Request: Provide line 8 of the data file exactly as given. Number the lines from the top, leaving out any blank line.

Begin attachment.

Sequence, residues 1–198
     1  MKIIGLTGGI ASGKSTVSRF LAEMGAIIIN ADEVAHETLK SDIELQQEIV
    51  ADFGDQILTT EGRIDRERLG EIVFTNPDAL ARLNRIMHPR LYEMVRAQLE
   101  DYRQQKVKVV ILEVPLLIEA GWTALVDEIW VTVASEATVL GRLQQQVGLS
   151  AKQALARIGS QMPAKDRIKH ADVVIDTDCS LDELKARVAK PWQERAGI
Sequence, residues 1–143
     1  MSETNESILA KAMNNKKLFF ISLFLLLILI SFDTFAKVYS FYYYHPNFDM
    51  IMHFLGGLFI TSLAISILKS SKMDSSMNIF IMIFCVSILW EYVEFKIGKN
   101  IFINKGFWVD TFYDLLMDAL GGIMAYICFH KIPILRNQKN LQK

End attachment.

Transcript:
    51  IMHFLGGLFI TSLAISILKS SKMDSSMNIF IMIFCVSILW EYVEFKIGKN